Tools and skills are sterile without appropriate mindsets
Any learning must be anchored around the pillars of toolsets, skillsets and suitable mindsets. Merely learning the tools or even honing the skills through practice are insufficient, for a shift in mindset is key to bring about a lasting impact. For instance, if someone has to be a counselor, the tools could be in the form of surveys, checklists, or diagnostic methods, whereas skill involve listening, probing, or deductive reasoning. However, if the ‘well trainer’ counselor lacks the mindsets of being non-judgmental, or doesn’t demonstrate empathy, she would never be as effective, let alone excel in her career.
Similarly, if one has to become a better problem solver, the requirement is to not only pick up tools and hone skill, but more importantly cultivate conducive mindset level changes. For instance, while discovering the problem or empathizing with the key stakeholders, some of the useful tools include mind mapping, empathy map, customer journey map, and pain-gain analysis; skills comprise being a good observer and non-intrusive interviewing methods. The key mindset is to be curious, open minded, and being comfortable with ambiguity. Which one is toughest to develop: the skills, tools, or mindsets? I guess, it is the mindset that takes a while to develop. That’s what the book focuses on – the key mindset levels shifts that would make you into a more sophisticated problem solver.
Ideas are only as good as the problems they solve
Through my years of conducting creative problem solving workshops and consulting work, I have had one major disappointment: What happens to the ideas after the workshop? I see a lot of excitement in creative problem solving sessions and some really good ideas too, but not many of such promising ideas make it to the light of the day. There are three reasons for this gap. Firstly, the problems haven’t been well defined and do not appear as priority for the leadership team, and hence the ensuing ideas mostly get lost. Secondly, the over reliance on external experts and coaches doesn’t enable robust capabilities to be seeded at the organization, as most of the knowledge and skills remain undocumented. Thirdly, there remains a general lack of structured approach and a discipline to follow-up on the ideas and to create real impact of those ideas through scale.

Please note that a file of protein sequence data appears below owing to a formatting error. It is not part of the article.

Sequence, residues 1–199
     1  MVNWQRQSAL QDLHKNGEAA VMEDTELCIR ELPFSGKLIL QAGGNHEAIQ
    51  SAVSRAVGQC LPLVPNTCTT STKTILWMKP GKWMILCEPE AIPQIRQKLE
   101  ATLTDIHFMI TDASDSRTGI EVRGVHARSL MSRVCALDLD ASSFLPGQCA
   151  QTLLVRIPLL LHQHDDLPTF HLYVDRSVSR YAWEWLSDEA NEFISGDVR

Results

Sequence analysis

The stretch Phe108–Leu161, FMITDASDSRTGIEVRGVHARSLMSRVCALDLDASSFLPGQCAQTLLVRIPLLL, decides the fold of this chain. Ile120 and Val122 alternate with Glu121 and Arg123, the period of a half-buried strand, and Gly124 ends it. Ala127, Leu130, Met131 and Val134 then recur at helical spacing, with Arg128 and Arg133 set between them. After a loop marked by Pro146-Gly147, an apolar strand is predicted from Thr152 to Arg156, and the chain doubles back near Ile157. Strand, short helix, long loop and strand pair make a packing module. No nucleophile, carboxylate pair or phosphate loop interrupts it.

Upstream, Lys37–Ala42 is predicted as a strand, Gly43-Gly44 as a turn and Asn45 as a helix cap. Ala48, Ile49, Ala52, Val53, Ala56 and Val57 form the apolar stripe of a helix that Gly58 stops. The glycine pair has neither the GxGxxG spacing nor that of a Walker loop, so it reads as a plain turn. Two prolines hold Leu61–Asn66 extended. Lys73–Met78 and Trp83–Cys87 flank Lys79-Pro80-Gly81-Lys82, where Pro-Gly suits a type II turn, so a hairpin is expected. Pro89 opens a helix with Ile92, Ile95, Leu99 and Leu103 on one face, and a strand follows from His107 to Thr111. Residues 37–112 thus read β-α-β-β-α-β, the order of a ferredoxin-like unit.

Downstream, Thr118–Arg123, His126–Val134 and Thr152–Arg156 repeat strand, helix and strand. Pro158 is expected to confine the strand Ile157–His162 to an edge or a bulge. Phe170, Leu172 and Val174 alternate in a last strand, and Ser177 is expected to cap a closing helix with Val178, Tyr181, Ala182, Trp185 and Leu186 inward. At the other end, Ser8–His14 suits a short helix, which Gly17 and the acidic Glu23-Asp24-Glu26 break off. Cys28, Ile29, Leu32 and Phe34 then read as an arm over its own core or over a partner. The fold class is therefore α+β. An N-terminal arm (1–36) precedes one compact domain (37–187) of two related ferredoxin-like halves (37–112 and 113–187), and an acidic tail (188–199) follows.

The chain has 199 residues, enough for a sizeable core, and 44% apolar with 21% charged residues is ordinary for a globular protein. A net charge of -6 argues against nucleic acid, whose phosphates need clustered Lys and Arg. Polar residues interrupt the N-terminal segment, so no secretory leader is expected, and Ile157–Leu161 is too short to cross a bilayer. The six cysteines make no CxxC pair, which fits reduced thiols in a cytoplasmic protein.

Design Your Thinking has attempted to address each of these issues. Firstly, by bringing to prominence the stage of Inspire, the book links the problem solving exercise to the strategic intent of the organization and how the leadership must craft a well-reasoned design brief. Secondly, there’s a chapter on Design Thinking in Action, presenting the outline of a typical two-day design thinking workshop and the approach one could take to host a similar endeavor at one’s organization or at a client’s premise. Thirdly, through a rigorous discourse on Scale and associated tools of measuring performance, the text offers sufficient fuel for a team to systematically take valuable ideas to a logical conclusion.
In summary, Design Your Thinking offers a domain-agnostic, function-independent, and practically relevant approach to problem solving, which is amicable to an Indian context and adopts an end to end view of how design thinking could make a difference between ad-hoc approaches of ideation versus a more reliable, repeatable, and scalable model. I hope you found this piece insightful and are excited to pick the book up. I look forward to hearing from you.